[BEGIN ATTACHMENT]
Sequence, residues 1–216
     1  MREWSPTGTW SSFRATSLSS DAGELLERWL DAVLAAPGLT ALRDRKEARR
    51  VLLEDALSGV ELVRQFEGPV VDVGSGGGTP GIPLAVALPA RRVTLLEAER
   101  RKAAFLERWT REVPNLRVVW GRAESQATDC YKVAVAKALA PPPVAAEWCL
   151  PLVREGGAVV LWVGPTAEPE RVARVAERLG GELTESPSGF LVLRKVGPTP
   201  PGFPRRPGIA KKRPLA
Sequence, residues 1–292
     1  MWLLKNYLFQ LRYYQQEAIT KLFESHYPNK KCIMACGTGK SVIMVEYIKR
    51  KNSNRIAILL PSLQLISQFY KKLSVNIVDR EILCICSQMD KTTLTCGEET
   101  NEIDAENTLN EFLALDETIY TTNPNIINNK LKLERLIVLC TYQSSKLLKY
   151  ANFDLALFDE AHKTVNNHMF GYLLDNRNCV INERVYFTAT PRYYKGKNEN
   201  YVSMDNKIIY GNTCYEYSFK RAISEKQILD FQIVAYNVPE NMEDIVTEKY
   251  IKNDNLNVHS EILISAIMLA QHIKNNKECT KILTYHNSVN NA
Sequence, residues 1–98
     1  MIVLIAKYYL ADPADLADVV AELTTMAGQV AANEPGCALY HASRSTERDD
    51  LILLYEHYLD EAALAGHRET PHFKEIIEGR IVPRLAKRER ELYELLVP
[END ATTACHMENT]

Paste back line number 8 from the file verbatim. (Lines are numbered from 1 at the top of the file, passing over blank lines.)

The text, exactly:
     1  MWLLKNYLFQ LRYYQQEAIT KLFESHYPNK KCIMACGTGK SVIMVEYIKR